In West Africa farmers struggle to grow additional crops without necessary inputs such as high quality fertilizer, seeds, machinery and access to capital. Regional trade integration rules focused on food staples can help to at all levels of the supply chains an awareness of regional goals and will support steps needed to develop a system of affordable, quality inputs for farmers and enable growers to expand their yields, according to the report.
“The challenge of food supply is particularly acute in West Africa with some of the world’s fastest growing populations, including urban populations. At the same time Africa is increasingly dependent on food imports from the rest of the world to satisfy its consumption needs,” says report co-author Ben Shepherd. “This report shows how in West Africa, ECOWAS member states can embrace regional trade as an opportunity to establish a stable food supply and achieve their food staples development.”
ECOWAS can lead regional trade integration
The report describes a very active regional agenda that is already in place in West Africa and notes that ECOWAS institutions have shown leadership with the adoption of fertilizer and seed quality rules in 2008 and 2012. Challenges persist, however, particularly in the huge variety among ECOWAS member states’ capacity and willingness to adhere to these commitments. The report argues that ECOWAS is uniquely placed to facilitate, coordinate and enforce the wide transition needed to create a regionally integrated agriculture trade market in West Africa. The report offers the following steps for ECOWAS to support integrated regional trade:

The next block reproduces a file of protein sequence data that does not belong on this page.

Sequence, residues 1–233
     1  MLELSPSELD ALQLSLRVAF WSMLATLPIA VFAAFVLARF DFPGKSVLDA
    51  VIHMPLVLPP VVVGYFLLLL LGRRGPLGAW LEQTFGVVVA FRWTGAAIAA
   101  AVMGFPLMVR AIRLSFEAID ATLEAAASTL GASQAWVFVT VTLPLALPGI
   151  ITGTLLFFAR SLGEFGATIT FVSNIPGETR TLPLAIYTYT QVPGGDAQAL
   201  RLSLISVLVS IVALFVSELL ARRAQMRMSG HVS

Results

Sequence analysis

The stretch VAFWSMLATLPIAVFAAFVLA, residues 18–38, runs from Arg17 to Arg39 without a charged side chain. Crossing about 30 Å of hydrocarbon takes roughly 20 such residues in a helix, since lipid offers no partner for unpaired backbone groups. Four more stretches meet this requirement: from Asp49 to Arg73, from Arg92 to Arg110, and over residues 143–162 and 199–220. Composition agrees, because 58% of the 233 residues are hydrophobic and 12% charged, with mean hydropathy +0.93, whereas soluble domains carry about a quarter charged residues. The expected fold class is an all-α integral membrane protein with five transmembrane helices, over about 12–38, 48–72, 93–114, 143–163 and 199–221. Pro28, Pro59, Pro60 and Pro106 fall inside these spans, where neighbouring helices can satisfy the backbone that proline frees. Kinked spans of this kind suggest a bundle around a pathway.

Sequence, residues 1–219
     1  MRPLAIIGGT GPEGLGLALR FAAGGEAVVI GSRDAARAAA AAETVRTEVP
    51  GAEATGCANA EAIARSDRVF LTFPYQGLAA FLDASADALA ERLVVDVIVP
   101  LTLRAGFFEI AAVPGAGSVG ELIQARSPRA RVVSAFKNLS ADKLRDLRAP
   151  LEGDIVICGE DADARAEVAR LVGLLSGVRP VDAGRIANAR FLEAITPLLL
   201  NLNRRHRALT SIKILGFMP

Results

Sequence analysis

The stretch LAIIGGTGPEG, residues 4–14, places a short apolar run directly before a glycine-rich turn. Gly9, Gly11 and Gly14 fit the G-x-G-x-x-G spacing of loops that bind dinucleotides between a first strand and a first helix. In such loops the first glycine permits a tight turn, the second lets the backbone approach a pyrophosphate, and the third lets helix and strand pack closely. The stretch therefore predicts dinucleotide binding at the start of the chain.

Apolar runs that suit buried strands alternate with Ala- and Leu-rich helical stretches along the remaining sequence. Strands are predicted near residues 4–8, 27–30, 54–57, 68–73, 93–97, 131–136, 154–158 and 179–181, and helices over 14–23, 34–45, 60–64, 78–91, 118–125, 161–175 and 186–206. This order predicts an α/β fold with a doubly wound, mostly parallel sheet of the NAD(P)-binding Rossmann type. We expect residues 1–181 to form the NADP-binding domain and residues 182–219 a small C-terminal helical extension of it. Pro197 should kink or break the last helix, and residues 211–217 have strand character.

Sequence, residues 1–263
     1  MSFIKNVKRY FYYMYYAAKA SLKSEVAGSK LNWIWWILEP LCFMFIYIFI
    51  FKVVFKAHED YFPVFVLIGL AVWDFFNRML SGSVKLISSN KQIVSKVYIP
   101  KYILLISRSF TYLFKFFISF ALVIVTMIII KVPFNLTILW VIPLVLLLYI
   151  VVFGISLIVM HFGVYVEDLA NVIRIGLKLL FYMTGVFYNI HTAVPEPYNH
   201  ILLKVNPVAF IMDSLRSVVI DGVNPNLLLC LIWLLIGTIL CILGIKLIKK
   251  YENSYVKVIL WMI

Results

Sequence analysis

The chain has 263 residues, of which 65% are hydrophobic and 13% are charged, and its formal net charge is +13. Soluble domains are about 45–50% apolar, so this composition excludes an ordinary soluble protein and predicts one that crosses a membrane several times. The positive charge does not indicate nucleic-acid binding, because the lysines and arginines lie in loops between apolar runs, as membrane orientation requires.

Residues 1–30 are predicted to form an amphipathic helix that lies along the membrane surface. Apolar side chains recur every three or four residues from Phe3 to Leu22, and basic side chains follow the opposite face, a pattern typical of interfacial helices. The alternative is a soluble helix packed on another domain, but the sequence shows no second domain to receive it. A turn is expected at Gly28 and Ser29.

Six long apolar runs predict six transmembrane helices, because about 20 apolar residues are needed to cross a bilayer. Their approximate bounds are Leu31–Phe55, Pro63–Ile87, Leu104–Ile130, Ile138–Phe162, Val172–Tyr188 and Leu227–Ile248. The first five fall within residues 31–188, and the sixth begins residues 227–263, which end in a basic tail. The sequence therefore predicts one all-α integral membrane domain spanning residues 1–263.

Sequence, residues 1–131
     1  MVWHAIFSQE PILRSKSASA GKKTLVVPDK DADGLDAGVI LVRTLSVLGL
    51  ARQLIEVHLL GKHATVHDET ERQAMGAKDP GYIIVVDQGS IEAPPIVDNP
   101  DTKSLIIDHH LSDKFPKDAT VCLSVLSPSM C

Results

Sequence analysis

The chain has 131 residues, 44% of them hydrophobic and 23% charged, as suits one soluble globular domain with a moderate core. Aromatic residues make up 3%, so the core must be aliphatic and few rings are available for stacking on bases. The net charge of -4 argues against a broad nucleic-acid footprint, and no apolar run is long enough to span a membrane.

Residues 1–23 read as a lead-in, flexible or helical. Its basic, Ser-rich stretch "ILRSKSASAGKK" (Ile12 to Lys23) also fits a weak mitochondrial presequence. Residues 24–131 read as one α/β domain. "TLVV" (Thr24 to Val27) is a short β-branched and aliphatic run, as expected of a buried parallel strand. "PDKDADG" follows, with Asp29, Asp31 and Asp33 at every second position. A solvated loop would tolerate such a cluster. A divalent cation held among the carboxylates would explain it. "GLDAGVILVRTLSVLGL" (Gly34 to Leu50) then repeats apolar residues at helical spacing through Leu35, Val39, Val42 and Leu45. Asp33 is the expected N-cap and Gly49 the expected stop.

- Member countries should see regional trade as an opportunity to achieve their food staples development objectives and embrace a comprehensive and coherent policy toward the promotion of openness to regional trade flows instead of keeping the current fragmented and often self-serving national attitudes.
- New regional policies should complement national ones. However regional actions should not be substituted for national ones and should avoid dispersion into too many initiatives and should be tailed to specific needs.
- Governments should emphasize the role of regional access to inputs as central to creating productivity gains throughout the region and as a driver of regional integration. The current significant policy efforts to create regional markets for inputs should bear important lessons for the development of future regional agricultural and trade policies.
- Finally, ECOWAS members need to pay greater attention to the private sector and value chains. Private entrepreneurs are better equipped to identify trade opportunities and can help provide market-based solutions to create new opportunities for suppliers of food staples and afford consumers with access to cheaper and better quality products. Public authorities and regional arrangements have a role in creating the environment for these sectoral developments.